Reading Between the Lines on Kerry’s Trip to China

“Let me emphasize to you today the United States does not seek to contain China. We welcome the emergence of a peaceful, stable, prosperous China that contributes to the stability and the development of the region…”(Sec. John Kerry)


 U.S. Secretary of State John Kerry speaks with Chinese President Xi Jinping to discuss the conclusion of the 5th Annual U.S.-China People-to-People Exchange and Sixth Strategic and Economic Dialogue between the two nations on July 10, 2014. (Photo: Wikimedia)

                                                                  by David Parmer

Secretary of State John Kerry went to China last week with a high level delegation to attend a series of meetings with Chinese counterparts. Some reports suggested modest success in the meetings. The two countries discussed climate change, nuclear non-proliferation and North Korea and Iran’s nuclear programs as well as cooperation on fighting terrorism. Areas of difference remain centered on alleged cyber attacks on U.S. officials and ongoing territorial issues. Kerry went out of his way to stress that the U.S. does not seek to contain China, but rather welcomes China’s emergence, and the continuation of good relations that began with a handshake 35 years ago.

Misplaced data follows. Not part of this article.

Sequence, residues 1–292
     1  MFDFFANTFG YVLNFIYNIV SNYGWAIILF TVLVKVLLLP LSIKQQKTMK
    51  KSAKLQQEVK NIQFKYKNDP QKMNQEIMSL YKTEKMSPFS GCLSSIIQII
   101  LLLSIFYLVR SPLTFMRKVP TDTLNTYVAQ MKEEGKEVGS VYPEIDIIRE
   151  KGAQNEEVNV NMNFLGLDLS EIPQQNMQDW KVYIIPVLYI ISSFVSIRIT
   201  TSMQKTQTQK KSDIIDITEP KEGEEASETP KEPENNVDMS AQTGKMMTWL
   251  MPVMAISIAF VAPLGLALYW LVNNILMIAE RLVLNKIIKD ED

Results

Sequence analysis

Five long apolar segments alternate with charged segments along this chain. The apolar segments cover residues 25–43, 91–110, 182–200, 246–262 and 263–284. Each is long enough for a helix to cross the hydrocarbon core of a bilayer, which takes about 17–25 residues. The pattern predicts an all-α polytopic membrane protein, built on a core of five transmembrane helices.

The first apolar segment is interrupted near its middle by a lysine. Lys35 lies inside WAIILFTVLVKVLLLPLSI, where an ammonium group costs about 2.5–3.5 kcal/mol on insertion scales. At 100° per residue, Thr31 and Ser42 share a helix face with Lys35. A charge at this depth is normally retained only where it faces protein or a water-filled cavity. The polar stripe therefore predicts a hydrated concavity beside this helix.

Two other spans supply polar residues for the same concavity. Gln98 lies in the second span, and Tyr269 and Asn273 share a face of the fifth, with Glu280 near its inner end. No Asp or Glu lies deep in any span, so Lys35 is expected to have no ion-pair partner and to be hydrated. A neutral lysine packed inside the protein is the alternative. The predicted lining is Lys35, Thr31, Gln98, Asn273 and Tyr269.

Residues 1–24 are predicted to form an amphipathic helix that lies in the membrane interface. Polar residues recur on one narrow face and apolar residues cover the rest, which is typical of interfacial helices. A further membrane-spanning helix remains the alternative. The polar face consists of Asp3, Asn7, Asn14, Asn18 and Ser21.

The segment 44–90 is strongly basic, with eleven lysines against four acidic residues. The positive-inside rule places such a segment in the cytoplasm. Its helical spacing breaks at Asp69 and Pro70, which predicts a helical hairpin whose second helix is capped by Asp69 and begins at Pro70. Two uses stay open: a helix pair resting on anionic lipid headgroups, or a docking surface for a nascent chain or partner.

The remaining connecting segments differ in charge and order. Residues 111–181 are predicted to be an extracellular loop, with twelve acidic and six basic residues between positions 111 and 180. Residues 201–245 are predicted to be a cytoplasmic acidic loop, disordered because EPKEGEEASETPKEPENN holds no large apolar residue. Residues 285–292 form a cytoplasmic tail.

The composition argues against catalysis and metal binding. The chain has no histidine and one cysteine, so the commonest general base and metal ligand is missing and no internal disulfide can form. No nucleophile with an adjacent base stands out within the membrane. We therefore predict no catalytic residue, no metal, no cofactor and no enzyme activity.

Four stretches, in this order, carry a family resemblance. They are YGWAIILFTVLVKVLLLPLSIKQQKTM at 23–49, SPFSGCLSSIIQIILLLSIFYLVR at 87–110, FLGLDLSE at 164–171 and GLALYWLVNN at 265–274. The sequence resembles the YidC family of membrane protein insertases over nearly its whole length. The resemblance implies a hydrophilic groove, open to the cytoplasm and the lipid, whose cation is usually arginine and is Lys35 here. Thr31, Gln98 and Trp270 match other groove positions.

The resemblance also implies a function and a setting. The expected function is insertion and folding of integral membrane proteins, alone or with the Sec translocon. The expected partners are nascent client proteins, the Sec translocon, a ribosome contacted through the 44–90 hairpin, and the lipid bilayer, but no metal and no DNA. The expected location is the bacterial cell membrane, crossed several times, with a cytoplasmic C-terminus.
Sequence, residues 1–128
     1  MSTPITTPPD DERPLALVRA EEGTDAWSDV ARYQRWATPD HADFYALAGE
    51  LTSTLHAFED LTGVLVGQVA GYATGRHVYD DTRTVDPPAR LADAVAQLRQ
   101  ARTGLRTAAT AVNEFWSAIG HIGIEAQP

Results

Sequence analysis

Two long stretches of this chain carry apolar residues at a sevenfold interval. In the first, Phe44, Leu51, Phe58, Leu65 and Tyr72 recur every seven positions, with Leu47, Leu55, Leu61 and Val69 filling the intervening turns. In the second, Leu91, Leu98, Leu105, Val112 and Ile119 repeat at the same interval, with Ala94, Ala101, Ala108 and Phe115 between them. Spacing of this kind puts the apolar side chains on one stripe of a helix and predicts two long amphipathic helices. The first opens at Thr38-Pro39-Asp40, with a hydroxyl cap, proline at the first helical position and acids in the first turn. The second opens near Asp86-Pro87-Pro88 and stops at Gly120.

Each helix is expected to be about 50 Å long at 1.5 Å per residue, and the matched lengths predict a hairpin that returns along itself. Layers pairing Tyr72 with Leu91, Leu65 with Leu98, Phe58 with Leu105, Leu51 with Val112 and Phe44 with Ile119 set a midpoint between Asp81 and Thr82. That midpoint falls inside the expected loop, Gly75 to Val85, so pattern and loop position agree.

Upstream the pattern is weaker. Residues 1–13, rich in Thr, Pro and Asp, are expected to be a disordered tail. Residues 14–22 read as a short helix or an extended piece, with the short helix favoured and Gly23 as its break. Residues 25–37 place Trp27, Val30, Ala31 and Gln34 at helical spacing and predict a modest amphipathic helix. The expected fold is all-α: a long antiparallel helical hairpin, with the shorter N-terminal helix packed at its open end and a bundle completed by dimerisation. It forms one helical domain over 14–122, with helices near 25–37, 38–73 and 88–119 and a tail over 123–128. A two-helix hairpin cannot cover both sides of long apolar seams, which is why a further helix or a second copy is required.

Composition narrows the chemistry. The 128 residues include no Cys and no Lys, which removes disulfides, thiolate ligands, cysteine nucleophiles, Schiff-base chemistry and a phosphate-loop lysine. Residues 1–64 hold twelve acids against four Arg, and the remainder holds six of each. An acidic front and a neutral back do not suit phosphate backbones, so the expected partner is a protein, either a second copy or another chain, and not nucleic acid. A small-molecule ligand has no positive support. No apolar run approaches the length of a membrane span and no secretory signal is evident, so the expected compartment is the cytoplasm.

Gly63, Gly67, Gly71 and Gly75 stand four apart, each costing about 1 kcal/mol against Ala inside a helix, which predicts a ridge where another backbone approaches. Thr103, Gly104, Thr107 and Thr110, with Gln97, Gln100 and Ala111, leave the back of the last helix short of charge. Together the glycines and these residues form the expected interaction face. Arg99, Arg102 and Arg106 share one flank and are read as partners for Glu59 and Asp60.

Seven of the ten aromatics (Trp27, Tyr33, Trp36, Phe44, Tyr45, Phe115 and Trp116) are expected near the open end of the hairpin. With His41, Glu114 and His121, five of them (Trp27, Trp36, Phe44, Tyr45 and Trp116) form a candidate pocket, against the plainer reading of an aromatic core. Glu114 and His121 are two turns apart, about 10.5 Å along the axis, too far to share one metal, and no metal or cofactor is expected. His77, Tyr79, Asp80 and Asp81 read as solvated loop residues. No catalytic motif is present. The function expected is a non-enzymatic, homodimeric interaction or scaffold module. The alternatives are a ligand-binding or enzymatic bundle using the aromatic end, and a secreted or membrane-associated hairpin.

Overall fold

In his remarks at the opening of the Sixth Round of the U.S.- China Strategic and Economic dialogue, Secretary also said: 

 I am particularly pleased to be here with my co-chair, the Secretary of the Treasury, Jack Lew; with Federal Reserve Chair Janet Yellen; with our Secretary of Commerce, Penny Pritzker; with the Secretary of Energy, Ernie Moniz; with our Trade Representative, Mike Froman. As I look down the line with many other members of government, the top advisors (inaudible) my deputy, (inaudible) Deputy Secretary of State William Burns — in fact, as I looked at the (inaudible) of people from the American delegation here, it is obvious to me that not a lot is getting done back in Washington today. It is being done here.

By the time Kerry and his delegation left, meetings had been held, topics discussed, and agreements made. Reports mentioned no big breakthroughs. But what was Kerry’s message? What did the composition of the Kerry delegation ( containing some of the administration’s top appointees) say to the Chinese without words? It said we value you, we respect you, we are sending some of our highest officials to the Middle Kingdom. Our relationship is not just important, it is vital. The U.S. and the Obama administration showed respect to China. They were not speaking Mandarin, but they were speaking the language of the Chinese. 

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